When Secretary of State Condoleezza Rice appeared on Capitol Hill last week to rally support for the 2007 budget, Rep. Dave Weldon asked her about the controversial Turkish film “The Valley of the Wolves.” “[I]t depicts American GIs murdering people at a wedding.
And it`s very anti-Semitic also; it has some gruesome visuals of Jews mistreating Muslims,” he said. “It would seem to me that we may be winning on the fronts of Afghanistan and in all these other places where we`re fighting, in Iraq. But for the hearts and minds of the people we are not doing very well at all. We may actually be heading in the wrong direction.”
In response, Miss Rice talked about Karen Hughes, the undersecretary of public diplomacy, who is working to counter anti-U.S. propaganda in the Muslim world. She included Turkey in her first foreign travel and heard plenty from critics of the war in Iraq. “Valley of the Wolves” screenwriter Bahadir Ozdener insists that he is also trying to make an antiwar statement, not an anti-American or anti-Semitic one, with his movie. “We are speaking out against the war, the occupation and the human rights violations,” he said.
I haven`t seen the film, but it`s difficult to believe that Mr. Ozdener is conveying solely an “antiwar” message. However, it does advise viewers that it is a work of “fiction.” When asked about it, Gen. Peter Pace, chairman of the Joint Chiefs of Staff, said, “[T]here`s no reason to comment on fiction.” He`s right; it is just a movie. But in reality, is a movie ever “just” a movie?
A Seattle Post?Intelligencer article asked in 2004, “In the history of cinema, has any film done more to blacken a nation`s reputation among travelers than `Midnight Express`? A quarter of a century after its release, people still cite it as a reason for steering clear of Turkey.” “Midnight Express” declares in its opening credits that it is based on a true story of a young American, Billy Hayes, who was caught trying to smuggle drugs out of Turkey in 1970. The film details his experiences until he escaped from prison. Two decades after the film was released, Mr. Hayes said in a newspaper interview, “There`s no doubt it changed the whole face of Turkish tourism… It`s not fair. The burden fell on people who weren`t to blame.”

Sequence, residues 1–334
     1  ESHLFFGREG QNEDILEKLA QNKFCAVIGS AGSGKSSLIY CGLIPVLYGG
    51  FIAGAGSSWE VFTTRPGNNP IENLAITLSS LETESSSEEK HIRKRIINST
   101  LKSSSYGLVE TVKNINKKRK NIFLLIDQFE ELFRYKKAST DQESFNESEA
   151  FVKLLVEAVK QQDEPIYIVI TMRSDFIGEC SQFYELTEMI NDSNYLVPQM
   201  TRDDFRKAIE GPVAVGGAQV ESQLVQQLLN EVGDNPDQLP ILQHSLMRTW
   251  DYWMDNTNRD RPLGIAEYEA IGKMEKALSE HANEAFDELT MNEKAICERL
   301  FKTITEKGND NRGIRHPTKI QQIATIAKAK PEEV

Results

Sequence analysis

Indeed. When I was in Cleveland recently, a taxi driver heard me talking to my mother in a foreign language, and asked where we were from. When I answered, “Turkey,” he said, “Oh, I have seen Istanbul.” I asked when he was there, and he answered, “No. I did not go. I saw it in `Midnight Express.` ” I listened to his review without comment, changed the subject and resumed my conversation with my mother.
Mr. Hayes has said, “The message of `Midnight Express` isn`t `Don`t go to Turkey.` It`s `Don`t be an idiot like I was, and try to smuggle drugs.` ” But the fact is, “Midnight Express” seriously damaged Turkey`s image in the United States. There is truth in the movie, but even Mr. Hayes admitted there is a lot of exaggeration as well. The similarities of the “Valley of the Wolves” and the “Midnight Express” begin and end with both being movies. In terms of effectiveness, Holywood wins. And “Valley of the Wolves” — regardless of its subject — is the first Turkish movie to challenge Holywood.
Since Turkey denied the United States a northern front to invade Iraq in March 2003, TV screenwriters also have gotten inspired. The Assembly of Turkish American Associations cites two episodes — one from Fox`s “24” and the other from NBC`s “The West Wing” — in which they say Turkey and Turkish people are unfairly maligned. In the “24” episode, Turks are depicted as terrorists and given Arab names. In the “West Wing” episode, the Turkish government adopts Islamic laws under the leadership of the AKP, and convicts and orders the execution by beheading of a woman for having sex with her fiancee. Both shows offended many Turks. Turkish Foreign Minister Abdullah Gul mentioned them to Miss Rice when she visited Ankara, and her response was that America is a free country, and the government does not control the movies.
Finally, PBS is airing a documentary next month called “Armenian Genocide.” Turks disagree that what happened to the Armenians was not “genocide,” and note that the Armenians also killed many Anatolian Muslims. PBS refuses, however, to show the documentary “Armenian Revolt,” which depicts the massacre of the Anatolian Muslims. PBS has also refused to hold a suggested panel discussion among historians after airing “Armenian Genocide.” I am not looking to open a debate on the nature of what happened, but if we support freedom of speech, we have to allow all opinions to be heard.
It`s important that any film, documentary or feature, be put in context. Since when do governments make decisions or take action against other countries because of a movie? These are movies, and they should be treated as such in the larger debate.
State Department spokes-man Sean McCormack was asked recently about “Valley of the Wolves” and he summed it up exactly right: “I don`t do movie reviews.”